Risk

The following articles provide information to do with the management of process facilities.

Fault Tree Analysis

Risk can be analyzed in one of two basic ways: inductively or deductively, that is either bottom-up or top-down. In a deductive analysis a system failure is postulated. The analyst then works backwards to deduce what combinations of events could have occurred for the system failure to have taken place (a detective solving a crime is thinking deductively). Fault tree analysis, the topic discussed in this section, is deductive. An inductive analysis works in the other direction. A single failure, such as a pump stopping or a valve closing at the wrong time, is postulated.

Lowest Level of Risk (BSEE)

Overview (BSEE Risk)

As part of its Well Control Rule BSEE appears to have made a major change in the manner in which offshore risk is to be managed. Section 250.107(a)(3) states,

[y]ou must protect health, safety, property and the environment by utilizing recognized engineering practices that reduce risks to the lowest level practicable when conducting design, fabrication, installation, operation, inspection, repair, and maintenance activities.

Acceptable Risk

Acceptable Risk is the level of risk that a community is willing to accept for a project to go forward or for a facility to continue to operate. It is a subjective value depending on factors such as benefit to the community and familiarity with the hazards.

Event Tree Analysis

Event Tree Analysis (ETA) uses the same logical and mathematical techniques as Fault Tree Analysis. However, whereas a fault tree analyzes how an undesirable top event may occur, an event tree considers the impact of the failure of a particular component or item in the system, and works out the effect such a failure will have on the overall system risk or reliability. Event trees use an inductive approach, whereas fault trees are deductive.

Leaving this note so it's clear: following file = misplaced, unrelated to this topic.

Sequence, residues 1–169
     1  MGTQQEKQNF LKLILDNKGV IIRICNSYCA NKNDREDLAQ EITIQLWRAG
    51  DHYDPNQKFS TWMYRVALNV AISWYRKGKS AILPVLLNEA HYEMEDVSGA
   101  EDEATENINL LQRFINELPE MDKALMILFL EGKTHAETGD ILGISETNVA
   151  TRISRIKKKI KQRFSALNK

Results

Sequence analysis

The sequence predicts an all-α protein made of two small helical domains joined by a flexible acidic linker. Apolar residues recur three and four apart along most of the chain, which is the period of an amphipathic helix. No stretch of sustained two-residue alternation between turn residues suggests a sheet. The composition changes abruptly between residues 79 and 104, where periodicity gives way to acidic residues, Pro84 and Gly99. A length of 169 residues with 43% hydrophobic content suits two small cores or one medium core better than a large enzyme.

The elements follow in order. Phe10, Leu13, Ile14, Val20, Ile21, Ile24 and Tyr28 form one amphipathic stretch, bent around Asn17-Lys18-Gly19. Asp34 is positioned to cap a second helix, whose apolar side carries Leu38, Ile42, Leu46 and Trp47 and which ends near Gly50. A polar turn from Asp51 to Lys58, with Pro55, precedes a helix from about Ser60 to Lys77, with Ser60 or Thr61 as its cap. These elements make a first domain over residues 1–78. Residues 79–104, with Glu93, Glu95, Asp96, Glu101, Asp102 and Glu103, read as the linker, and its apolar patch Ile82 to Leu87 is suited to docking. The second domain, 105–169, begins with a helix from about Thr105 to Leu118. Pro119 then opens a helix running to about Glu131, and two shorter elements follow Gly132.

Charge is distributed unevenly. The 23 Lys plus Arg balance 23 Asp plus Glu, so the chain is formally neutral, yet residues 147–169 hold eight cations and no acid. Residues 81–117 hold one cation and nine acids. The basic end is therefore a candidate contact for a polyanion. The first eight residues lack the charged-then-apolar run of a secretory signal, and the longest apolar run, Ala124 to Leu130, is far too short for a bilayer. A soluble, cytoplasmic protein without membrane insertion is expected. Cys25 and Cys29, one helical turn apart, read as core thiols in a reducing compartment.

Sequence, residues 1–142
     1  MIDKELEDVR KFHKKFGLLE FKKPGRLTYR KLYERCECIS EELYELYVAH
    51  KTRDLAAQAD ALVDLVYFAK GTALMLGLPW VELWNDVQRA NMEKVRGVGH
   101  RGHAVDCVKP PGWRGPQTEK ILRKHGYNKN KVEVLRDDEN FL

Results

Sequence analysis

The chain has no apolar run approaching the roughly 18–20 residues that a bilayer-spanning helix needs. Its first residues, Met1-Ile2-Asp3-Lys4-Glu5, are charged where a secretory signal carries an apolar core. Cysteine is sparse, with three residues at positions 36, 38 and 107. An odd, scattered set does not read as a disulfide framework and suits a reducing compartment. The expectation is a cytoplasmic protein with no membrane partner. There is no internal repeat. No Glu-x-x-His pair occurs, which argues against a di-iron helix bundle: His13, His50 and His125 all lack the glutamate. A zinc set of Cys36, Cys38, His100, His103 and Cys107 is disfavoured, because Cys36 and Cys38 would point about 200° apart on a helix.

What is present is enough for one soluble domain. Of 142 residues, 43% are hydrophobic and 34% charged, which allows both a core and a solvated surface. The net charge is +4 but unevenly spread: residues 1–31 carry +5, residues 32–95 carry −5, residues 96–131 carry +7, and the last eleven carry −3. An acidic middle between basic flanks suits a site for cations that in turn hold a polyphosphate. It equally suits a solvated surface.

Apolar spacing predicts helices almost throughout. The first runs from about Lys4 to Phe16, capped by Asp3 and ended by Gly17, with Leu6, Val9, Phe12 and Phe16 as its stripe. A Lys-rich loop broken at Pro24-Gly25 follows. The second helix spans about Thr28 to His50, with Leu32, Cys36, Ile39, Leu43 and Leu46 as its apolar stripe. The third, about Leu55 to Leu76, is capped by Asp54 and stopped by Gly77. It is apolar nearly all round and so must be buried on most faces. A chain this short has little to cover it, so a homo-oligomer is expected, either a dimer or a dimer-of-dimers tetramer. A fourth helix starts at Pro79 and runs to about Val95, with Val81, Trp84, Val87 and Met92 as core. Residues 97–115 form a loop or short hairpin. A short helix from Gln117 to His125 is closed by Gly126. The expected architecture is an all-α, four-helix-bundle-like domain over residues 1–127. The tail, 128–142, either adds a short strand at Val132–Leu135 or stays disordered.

Risky Matrices

Risk matrices are widely used in the process industries. Details vary considerably from company to company, particularly with regard to the size of a risk matrix, but generally a process such as the following is used.

1. A hazard is identified.

2. The consequence of that hazard is determined. The most important consequence is usually do with safety, but environmental, economic and public relations impact can also be considered.

Let's not make common cause

A common cause effect (or common mode) event is a single event that causes two or more supposedly redundant equipment items to fail; it negates the value of an AND Gate in a fault tree.

The following simple example is based on a process at a large process facility (the details have been changed for simplicity). 

Double Contingency

During process hazards analyses It is common to hear phrases such as, "Double contingency doesn't count, you know". What the speaker means by this is that only single failures should be considered when determining what could go wrong and how risk can be managed.

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